Leroy Anderson went to Cambridge Grammar School through eighth grade. He attended the public high school in Cambridge which was called Cambridge High and Latin School. Leroy Anderson graduated with High Honors from the Cambridge Latin School in June 1925. Leroy was awarded the "Cambridge Scholarship" to enter Harvard College as Freshman in September 1925. During his Sophomore, Junior and Senior years at Harvard he received the "Borden Scholarship" each year and graduated in June 1929 with a Bachelor of Arts in Music, Magna cum laude. The following year, 1930, he received a Master of Arts in Music from Harvard University. He continued to take language classes at Harvard in Swedish, Danish, Norwegian, Old Norse and German with the goal of receiving a Doctorate in German and Scandinavian languages. He never completed his thesis. His work as a musician, arranger and composer had begun to show great promise.

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"Did Leroy Anderson write songs ? Was Leroy Anderson a songwriter ?"

"Leroy Anderson was not a songwriter. He did not write songs. He wrote instrumental music (without lyrics) for symphonic orchestra and symphonic band."

"I don't write songs," Leroy Anderson said. "I write compositions."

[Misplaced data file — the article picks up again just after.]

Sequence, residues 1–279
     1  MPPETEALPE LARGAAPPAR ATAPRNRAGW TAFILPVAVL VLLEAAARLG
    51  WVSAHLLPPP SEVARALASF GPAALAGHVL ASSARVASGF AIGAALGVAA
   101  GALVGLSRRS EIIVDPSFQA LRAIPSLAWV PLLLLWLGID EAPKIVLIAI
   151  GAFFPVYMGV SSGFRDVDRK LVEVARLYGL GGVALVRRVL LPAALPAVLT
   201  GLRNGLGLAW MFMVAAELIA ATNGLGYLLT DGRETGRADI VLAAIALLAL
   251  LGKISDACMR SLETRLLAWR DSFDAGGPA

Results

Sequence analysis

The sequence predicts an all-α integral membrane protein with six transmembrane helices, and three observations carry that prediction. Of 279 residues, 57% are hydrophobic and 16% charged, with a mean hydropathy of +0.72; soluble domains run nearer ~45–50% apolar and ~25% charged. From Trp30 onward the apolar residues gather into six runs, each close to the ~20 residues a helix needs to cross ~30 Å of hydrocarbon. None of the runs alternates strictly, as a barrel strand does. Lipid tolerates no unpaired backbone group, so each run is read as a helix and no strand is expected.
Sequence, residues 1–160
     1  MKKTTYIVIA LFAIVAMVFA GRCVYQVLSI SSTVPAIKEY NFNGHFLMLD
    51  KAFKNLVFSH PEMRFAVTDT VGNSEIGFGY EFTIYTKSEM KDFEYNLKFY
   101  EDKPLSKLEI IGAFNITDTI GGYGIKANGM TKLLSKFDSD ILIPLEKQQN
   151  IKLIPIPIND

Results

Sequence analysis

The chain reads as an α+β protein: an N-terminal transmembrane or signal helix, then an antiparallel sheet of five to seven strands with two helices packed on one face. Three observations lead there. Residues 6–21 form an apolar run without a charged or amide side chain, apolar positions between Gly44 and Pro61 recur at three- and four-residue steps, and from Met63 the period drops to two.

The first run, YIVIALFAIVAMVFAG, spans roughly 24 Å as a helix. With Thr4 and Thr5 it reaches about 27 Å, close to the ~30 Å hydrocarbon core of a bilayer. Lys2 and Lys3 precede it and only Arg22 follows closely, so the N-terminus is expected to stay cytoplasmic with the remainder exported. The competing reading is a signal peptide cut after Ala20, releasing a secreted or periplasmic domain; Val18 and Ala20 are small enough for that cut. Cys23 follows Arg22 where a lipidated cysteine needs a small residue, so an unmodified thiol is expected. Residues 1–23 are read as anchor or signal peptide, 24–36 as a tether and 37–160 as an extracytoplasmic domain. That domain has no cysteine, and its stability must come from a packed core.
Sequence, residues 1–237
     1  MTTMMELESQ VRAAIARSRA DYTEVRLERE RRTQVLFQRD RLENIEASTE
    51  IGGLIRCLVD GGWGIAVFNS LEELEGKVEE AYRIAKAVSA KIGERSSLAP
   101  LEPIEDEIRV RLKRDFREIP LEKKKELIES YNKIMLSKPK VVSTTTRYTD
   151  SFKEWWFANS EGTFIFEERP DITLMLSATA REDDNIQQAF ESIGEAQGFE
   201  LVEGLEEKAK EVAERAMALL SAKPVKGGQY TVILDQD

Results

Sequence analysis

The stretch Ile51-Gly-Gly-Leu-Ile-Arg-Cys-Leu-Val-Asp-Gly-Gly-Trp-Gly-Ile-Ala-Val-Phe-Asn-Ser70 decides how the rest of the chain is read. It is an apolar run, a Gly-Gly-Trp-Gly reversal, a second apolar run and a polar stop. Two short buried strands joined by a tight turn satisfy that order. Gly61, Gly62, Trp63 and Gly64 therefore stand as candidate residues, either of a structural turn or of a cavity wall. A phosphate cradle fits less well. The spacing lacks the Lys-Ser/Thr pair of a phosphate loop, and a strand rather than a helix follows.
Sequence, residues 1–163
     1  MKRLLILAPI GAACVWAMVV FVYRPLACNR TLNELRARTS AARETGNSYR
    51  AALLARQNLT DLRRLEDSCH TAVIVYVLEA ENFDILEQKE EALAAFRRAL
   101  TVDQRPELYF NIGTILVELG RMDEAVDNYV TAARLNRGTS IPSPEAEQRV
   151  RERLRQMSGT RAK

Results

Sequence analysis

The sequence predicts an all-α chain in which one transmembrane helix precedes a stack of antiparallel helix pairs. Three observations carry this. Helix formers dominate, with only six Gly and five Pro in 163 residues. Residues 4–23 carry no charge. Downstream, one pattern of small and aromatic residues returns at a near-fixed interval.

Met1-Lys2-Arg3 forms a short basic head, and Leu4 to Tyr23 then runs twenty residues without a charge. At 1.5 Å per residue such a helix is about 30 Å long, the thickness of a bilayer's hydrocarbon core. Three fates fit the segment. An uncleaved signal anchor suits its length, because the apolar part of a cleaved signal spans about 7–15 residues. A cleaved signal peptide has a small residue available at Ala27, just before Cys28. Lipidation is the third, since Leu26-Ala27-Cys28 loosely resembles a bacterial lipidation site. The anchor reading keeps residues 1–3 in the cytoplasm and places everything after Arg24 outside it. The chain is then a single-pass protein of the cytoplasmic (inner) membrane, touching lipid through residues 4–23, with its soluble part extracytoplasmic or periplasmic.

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"What are the names of some of Leroy Anderson's best known and most popular compositions ?"

"Sleigh Ride", "Fiddle-Faddle", "Bugler's Holiday", "Blue Tango", "The Typewriter", "The Syncopated Clock", "A Trumpeter's Lullaby", "Serenata", and "Belle of the Ball".

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"What style or type of music did Leroy Anderson write ?"

Light Concert Music.  Leroy Anderson primarily wrote light, instrumental music for symphony orchestra, concert band and other ensembles.  That his music is popular throughout the world, it is sometimes referrred to as "Symphonic Pops" music.

"Since Leroy Anderson wrote most of his compositions for a symphony orchestra, it is certainly 'symphonic music'.  His compositions are very melodic.  Leroy Anderson was called a 'master of melody' by many music critics.  Since many of his compositions create strong visual images in the listener's mind, Leroy Anderson's music is considered 'descriptive' or 'pictorial'.  Leroy Anderson himself said that he wrote "concert music with a 'pop' quality".  In this case, 'pop' means 'popular'.  And most of his compositions are very short in length.  Most are under 4 minutes.  Since his music is primarily instrumental, meaning 'without lyrics', Leroy Anderson's compositions are easily appreciated in many countries and have become well known throughout the world."